Saturday, 25 June 2016

Britain's days of influence are gone

Why a British Vote For or Against Brexit Doesn’t Matter
The decline of British power means that how the British people vote in the Brexit referendum, will in international terms, make no difference.

Alexander Mercouris


23 June, 2016

Today is a critical day in the history of Britain. It will decide the nature of Britain’s relationship with the states of continental Europe. It will also say a great deal about the British people’s relationship with their own rulers and about the kind of country they want Britain to be.

I would add that if the British vote to leave the EU even by a small majority then I expect this to be a once and forever decision. However if the British vote to say within the EU by a small majority, then I very much doubt this issue will go away. There will probably be a pause lasting some years – perhaps a decade – before it comes back.

In that case both the EU authorities and Britain’s rulers will also have to consider that a very significant proportion of the population has rejected them, putting the British state’s legitimacy for the first time in its modern history in serious doubt.

Only if the vote to remain is a decisive one – over 60% as it was during the previous referendum in 1975 – do I expect this question to be settled for any significant length of time.

However it is important to say that what is a critical issue for Britain and its people is nowhere near so critical for the rest of the world. Contrary to some people’s predictions, if Britain votes to leave I fully expect the EU to continue in much the same way as it is doing today. Flesh creeping talk of the EU’s collapse, of a global economic crisis, of sweeping advances in Europe by the far right, of the collapse of the Western alliance, of Russian “expansion” (a particularly absurd claim) and of the outbreak of World War III (ditto) are utter nonsense.

Even if Britain votes to leave it will take several years before it actually happens – if it even does – and arrangements will certainly be put in place during that period to ensure that the Western alliance remains intact, that US influence in Europe remains undiminished and that the disruption to the rest of the EU is reduced to a minimum. As it happens if Britain votes to leave I expect Britain to draw closer still to the US (I give no credence to hopes it would draw closer to Russia) in which case US influence in Europe might actually grow. As for the EU, since Britain is not a member of the Eurozone, the disruption caused by its departure will be small.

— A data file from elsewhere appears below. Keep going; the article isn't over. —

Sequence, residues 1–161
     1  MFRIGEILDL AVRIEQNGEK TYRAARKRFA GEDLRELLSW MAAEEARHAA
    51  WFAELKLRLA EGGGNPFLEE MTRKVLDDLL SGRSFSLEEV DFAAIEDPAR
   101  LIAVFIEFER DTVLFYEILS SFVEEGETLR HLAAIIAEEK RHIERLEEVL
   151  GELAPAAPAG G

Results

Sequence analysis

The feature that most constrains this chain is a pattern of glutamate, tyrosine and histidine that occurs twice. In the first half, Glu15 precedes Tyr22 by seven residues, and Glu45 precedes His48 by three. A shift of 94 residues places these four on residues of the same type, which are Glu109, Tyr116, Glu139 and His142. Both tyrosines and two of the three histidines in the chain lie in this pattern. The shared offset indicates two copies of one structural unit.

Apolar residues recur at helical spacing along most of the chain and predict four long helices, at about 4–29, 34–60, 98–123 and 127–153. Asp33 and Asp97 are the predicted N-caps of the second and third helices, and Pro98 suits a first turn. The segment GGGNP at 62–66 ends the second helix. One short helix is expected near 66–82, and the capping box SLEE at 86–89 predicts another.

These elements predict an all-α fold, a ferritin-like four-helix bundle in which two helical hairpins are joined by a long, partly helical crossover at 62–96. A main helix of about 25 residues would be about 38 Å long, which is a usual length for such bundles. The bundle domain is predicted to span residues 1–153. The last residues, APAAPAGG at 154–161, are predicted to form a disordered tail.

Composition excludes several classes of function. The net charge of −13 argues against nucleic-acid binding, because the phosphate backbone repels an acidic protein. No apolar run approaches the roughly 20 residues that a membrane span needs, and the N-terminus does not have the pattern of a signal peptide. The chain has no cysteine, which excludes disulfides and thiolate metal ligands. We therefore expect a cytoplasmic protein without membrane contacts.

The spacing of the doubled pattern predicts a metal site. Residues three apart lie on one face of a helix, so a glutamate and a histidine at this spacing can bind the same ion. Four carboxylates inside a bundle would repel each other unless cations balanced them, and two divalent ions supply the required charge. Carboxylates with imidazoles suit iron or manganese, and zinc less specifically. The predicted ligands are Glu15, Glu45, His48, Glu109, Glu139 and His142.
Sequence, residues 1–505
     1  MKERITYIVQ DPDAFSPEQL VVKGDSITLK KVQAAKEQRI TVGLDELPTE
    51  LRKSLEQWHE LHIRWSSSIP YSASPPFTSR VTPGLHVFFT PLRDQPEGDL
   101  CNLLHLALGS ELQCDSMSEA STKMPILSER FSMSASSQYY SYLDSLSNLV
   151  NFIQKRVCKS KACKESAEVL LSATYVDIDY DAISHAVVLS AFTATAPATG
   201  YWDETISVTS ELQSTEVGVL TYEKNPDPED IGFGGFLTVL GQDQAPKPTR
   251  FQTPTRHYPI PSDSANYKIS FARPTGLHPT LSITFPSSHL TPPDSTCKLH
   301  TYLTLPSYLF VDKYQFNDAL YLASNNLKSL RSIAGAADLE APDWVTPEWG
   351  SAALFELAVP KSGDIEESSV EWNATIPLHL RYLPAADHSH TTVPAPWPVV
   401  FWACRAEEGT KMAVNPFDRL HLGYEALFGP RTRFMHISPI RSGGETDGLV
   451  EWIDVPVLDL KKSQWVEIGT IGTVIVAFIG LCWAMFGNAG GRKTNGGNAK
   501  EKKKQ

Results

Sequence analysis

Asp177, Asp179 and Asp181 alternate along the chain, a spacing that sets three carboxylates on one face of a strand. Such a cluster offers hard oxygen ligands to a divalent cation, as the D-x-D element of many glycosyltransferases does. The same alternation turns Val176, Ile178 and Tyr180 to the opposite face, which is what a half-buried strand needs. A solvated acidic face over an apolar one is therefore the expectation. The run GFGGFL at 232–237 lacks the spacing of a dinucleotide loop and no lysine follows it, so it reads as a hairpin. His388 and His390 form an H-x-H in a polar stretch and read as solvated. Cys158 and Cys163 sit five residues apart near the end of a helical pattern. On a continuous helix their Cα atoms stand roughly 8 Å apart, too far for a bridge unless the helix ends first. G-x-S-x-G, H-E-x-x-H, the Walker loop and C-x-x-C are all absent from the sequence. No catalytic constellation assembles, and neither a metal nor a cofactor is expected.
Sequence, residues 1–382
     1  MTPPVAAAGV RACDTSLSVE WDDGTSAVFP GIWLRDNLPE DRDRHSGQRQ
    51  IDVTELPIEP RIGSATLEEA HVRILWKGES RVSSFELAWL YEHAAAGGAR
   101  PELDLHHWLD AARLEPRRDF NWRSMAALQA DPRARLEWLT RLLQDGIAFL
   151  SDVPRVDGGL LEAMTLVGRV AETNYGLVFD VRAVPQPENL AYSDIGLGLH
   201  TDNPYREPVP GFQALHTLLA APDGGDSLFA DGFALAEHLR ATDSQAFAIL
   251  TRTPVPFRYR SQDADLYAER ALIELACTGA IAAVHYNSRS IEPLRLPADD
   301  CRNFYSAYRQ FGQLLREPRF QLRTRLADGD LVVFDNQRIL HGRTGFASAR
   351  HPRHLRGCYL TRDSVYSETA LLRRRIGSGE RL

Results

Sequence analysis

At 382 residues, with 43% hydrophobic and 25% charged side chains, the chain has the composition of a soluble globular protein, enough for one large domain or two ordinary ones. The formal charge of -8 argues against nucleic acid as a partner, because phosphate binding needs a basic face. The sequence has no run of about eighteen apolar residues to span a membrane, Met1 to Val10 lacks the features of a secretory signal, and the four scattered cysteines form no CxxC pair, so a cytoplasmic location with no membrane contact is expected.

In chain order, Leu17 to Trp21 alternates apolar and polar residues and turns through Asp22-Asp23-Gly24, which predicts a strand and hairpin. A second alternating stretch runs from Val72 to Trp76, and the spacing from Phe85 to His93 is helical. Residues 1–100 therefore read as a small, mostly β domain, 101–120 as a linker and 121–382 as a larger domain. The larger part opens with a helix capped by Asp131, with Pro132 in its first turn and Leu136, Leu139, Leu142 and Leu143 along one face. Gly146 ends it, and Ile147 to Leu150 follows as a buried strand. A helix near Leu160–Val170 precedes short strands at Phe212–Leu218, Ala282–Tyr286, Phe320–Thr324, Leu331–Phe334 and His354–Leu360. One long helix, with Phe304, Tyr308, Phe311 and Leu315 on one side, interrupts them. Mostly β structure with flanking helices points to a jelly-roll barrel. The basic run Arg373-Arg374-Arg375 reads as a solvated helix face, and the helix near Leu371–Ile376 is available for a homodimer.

The truth about Brexit which is never spoken but which everyone outside Britain knows is that Britain no longer matters very much.

Though Britain in terms of its international rankings remains a large economy, it is an uncompetitive and declining one, running large deficits with the rest of the world and desperately over-dependent on a bloated housing market and an often corrupt financial services industry to stay afloat.

The British military, which just 70 years ago bestrode the world, is now a shadow, looked upon with contempt by its US ally as it shows itself incapable of even defending small villages against lightly armed insurgents in places like Afghanistan and Iraq. Certainly the British military today would be incapable of carrying out the kind of operation the Russian military is currently carrying out in Syria, or which Britain itself carried out 34 years during the 1982 war in the Falklands. Though the British parliament pompously debated a military intervention in Syria last autumn as if Britain’s military involvement there actually mattered, barely anything has been heard of it since. Apparently a couple of dozen bombs have been dropped to practically no effect.